CIN is what you can call a pre-cancerous condition. Cancer usually develops when the cells in an area undergo mutation and doesn’t stop multiplying/spreading. CIN can be considered the stage where abnormal cells grow on the surface of the cervix, but has not invaded beyond the base of the lining.


CIN is caused by HPV, and just like an HPV infection, most people with CIN do not necessarily develop cervical cancer. Cervical cancer that develops from CIN takes years to develop, meaning there is plenty of time to find and remove problematic cells.


This condition is also split into grades, from a grade of 1 to 3. A more advanced stage of CIN usually means that a large portion of the cervix surface wall has been affected by the abnormal cell change.


Timeline of HPV infection

When an HPV infection starts, there are two outcomes.


  • The infection is cleared by the body’s immune system


  • The infection is persistent (remains in the body)

A persistent infection will eventually develop into CIN 2, and if left untreated; develop into cervical cancer.


It takes up to 15 years for cervical cancer to develop in someone, but that number can be reduced to 5 years if you have a weakened immune system.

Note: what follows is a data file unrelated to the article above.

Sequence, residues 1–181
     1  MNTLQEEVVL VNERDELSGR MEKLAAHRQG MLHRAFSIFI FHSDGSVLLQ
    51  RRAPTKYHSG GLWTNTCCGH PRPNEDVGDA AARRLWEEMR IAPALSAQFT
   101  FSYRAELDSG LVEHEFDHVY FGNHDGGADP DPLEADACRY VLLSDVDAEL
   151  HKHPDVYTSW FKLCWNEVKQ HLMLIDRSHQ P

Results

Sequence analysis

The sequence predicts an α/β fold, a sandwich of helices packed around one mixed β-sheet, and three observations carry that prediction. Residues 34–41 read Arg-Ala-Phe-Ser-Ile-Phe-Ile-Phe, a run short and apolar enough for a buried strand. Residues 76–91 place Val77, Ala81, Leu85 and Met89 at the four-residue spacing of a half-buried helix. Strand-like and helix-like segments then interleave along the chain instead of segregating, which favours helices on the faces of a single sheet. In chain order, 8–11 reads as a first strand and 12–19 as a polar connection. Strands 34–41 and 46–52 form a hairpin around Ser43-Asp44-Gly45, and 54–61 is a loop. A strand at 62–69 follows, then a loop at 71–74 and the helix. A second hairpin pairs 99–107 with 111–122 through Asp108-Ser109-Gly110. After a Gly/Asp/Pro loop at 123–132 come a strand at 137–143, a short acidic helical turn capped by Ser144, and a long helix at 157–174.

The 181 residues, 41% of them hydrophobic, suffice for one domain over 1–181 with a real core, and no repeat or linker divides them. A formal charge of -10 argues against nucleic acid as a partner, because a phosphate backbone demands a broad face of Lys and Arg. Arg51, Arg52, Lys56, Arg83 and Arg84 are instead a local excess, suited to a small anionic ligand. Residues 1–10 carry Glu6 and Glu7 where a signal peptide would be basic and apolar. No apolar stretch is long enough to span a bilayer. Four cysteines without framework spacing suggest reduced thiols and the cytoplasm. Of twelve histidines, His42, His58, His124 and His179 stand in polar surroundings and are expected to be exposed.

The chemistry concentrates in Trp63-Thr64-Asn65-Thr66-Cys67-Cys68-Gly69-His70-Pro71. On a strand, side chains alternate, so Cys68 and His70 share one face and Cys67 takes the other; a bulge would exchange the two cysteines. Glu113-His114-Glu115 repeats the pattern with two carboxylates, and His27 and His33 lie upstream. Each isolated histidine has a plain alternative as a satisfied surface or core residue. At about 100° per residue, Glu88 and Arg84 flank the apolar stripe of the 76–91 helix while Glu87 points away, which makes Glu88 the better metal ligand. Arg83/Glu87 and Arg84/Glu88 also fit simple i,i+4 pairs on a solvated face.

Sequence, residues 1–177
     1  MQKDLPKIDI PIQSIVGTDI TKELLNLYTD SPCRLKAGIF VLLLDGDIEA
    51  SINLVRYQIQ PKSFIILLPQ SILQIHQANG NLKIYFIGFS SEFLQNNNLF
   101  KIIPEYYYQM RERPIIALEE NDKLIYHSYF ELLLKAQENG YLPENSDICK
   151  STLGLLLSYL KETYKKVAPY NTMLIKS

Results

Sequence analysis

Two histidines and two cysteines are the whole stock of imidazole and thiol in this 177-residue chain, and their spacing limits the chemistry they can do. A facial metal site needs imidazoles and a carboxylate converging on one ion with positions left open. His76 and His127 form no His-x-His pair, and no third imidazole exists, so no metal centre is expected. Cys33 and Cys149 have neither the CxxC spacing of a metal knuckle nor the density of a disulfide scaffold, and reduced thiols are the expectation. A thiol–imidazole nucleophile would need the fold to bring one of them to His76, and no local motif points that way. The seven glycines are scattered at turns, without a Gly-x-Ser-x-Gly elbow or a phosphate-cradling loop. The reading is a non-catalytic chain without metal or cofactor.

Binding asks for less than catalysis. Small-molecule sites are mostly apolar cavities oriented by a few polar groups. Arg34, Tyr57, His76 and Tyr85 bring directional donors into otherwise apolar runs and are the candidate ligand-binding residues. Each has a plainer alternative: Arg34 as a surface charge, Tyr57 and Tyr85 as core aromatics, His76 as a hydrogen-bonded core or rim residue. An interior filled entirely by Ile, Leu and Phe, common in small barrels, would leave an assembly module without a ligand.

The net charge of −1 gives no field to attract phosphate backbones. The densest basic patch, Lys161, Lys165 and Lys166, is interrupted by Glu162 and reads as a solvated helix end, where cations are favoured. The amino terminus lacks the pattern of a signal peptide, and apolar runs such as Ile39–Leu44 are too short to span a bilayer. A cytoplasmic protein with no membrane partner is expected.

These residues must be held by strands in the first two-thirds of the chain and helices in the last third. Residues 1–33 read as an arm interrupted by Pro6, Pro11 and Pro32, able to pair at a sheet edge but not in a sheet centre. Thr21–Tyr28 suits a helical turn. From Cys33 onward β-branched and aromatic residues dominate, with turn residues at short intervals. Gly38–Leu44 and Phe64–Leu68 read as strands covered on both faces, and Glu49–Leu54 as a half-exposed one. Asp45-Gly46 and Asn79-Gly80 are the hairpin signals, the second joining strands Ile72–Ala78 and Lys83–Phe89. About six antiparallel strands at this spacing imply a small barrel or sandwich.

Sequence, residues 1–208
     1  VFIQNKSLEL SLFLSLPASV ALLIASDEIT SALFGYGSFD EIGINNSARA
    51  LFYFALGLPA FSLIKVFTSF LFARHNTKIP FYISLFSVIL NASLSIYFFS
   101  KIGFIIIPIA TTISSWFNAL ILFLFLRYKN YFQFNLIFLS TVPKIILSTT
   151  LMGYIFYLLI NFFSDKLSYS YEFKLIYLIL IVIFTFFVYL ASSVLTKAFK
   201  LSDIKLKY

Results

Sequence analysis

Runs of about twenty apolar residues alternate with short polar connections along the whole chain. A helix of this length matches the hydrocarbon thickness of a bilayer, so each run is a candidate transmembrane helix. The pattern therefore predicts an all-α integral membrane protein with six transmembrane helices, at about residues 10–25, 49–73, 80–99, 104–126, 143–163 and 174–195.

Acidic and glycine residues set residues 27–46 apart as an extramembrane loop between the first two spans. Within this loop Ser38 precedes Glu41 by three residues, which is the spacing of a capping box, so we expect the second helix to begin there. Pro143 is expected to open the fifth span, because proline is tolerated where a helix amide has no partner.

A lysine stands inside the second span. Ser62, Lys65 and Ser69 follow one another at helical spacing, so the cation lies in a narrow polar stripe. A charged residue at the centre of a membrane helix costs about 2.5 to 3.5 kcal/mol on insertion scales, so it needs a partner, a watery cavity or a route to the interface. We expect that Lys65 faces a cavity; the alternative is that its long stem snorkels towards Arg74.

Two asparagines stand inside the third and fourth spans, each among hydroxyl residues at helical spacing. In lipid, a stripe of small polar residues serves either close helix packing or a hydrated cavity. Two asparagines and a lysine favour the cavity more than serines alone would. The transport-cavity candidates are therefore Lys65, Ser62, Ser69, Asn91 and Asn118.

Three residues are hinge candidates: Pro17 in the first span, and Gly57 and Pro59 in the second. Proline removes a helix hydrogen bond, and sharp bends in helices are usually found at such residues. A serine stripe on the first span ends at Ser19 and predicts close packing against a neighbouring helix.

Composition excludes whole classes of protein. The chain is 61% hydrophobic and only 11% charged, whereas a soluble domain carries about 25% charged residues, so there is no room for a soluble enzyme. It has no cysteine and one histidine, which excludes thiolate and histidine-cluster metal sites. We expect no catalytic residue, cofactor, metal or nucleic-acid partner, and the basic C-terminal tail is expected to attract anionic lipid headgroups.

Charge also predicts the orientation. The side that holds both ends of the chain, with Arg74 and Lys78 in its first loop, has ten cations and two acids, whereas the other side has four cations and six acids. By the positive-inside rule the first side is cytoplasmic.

So, between the start of an infection until you develop cervical cancer, a healthy person has up to 15 years to detect and receive treatment for HPV infection / CIN / cervical cancer.

There are two screening tests that are used to screen for cervical cancer:


  • Pap smear


  • HPV test


During a pap smear, the doctor will scrape cells from the cervix to be tested for any abnormal cells. If abnormalities are found, you will be called back for repeated testing or follow-ups. Unlike some forms of cancer screening, a pap smear can detect abnormal cells even before the cancer starts to develop.


An HPV test is also carried out in the same way as a pap smear. It can be done by collecting a separate sample from the pap smear, or by using the same sample as the pap smear. If you are getting a HPV test done, then it is usually also performed at the same time as your pap smear. Unlike a pap smear, this test does not detect cancer cells, only the presence of HPV.


Most guidelines will recommend for you to get your first pap smear done at the age of 21 if you are sexually active. If there are no abnormalities, our doctors may tell you to wait for 3 years until your next pap smear.


Even if the results of your pap smear are normal for the first few years, it is still recommended to screen for cancer regularly as some cancer cells take years to develop.

The more partners a woman has, the greater the chance of her being infected with HPV. However, studies show that even women who have only one partner have a 10% chance of getting a HPV infection.


Some of the risk factors for a HPV infection are:


  • Women who are sexually active


  • Women who have (or had) more than one partner


  • Women whose partner(s) have had more than one partner


  • Women who have a weakened immune system


  • Women who started having sex at an early age (before the age of 18)